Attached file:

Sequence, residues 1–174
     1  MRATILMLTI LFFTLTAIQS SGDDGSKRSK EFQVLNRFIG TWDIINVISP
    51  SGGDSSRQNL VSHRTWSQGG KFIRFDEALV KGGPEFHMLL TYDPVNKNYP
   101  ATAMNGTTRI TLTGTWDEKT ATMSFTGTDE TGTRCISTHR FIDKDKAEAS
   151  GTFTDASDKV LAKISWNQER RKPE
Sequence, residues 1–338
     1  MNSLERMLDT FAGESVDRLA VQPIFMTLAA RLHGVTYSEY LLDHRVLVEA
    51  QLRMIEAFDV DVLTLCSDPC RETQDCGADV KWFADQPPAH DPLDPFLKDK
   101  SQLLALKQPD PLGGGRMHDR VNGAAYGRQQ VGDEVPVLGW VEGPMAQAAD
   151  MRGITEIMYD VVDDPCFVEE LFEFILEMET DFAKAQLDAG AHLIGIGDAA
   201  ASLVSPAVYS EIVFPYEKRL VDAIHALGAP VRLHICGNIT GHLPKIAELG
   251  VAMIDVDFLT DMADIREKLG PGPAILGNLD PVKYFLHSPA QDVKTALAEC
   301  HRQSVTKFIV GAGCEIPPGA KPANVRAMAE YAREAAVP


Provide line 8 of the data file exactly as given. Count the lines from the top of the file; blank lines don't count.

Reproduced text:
    51  QLRMIEAFDV DVLTLCSDPC RETQDCGADV KWFADQPPAH DPLDPFLKDK